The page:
Tangut Language

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The following article is from The Great Soviet Encyclopedia (1979). It might be outdated or ideologically biased.

Tangut Language


(also Hsi Hsia), the language spoken by most of the people of the Hsi Hsia kingdom (982–1227). The language was recorded in the syllabic Tangut writing system introduced in 1036. Tangut was spoken by at least 1.5 million people.

Tangut belongs to the Tibeto-Burman group of the Sino-Tibetan language family. Two different phonetic reconstructions exist: that of the Soviet linguist M. V. Sofronov, and that of the Japanese linguist Nishida Tatsuo. Tangut was an isolating language; a monosyllabic morpheme often corresponded to a word, and compound words were formed by combining these morphemes. Case relations were expressed by means of postpositions; the verb had no clearly defined categories of person and tense. Word order in sentences generally followed the pattern of subject (attribute of subject)-object (attribute of object)-predicate.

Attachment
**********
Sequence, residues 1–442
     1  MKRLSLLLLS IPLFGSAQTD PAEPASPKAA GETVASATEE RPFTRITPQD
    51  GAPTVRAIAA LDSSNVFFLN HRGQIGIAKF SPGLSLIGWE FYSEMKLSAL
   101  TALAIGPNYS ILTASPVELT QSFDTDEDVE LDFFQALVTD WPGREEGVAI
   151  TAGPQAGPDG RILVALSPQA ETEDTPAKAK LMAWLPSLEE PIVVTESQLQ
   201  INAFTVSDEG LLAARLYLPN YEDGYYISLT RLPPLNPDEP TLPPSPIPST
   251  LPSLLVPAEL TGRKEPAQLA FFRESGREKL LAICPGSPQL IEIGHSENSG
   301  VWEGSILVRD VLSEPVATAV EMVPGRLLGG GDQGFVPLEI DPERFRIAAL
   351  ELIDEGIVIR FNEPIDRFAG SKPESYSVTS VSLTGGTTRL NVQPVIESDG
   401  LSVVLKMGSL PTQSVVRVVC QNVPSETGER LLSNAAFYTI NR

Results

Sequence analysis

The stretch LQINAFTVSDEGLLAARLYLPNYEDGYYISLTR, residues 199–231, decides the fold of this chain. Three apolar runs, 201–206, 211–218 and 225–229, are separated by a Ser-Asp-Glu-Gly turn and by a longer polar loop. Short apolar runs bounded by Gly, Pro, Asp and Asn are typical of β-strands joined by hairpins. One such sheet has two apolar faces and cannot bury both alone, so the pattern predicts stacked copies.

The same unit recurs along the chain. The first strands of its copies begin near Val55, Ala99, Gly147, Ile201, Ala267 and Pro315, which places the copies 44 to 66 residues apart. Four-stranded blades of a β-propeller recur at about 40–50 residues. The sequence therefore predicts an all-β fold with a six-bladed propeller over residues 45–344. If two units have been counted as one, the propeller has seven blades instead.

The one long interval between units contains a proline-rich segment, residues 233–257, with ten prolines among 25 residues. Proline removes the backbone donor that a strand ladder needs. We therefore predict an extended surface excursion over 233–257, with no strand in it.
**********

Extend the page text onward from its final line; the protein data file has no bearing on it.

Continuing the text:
Nevskii, N. A. Tangutskaia filologiia. Moscow, 1960.
Sofronov, M. V. Grammatika langutskogo iazyka. Moscow, 1968.
Nishida Tatsuo. Seiko go-no kenkyu, vols. 1–2. Tokyo, 1964–66.


The Great Soviet Encyclopedia, 3rd Edition (1970-1979). © 2010 The Gale Group, Inc. All rights reserved.
References in periodicals archive ?
Rather, it is the transcription in Tibetan script of an explanation in the Tangut language (*[eta]w[e.sup.2] nj[u.sup.2] [TEXT NOT REPRODUCIBLE IN ASCII] of the meaning of the name [eta]w[e.sup.2]mj[i.sup.1] [TEXT NOT REPRODUCIBLE IN ASCII] since mj[i.sup.1] [TEXT NOT REPRODUCIBLE IN ASCII] and nj[u.sup.2] [TEXT NOT REPRODUCIBLE IN ASCII] are very close semantically.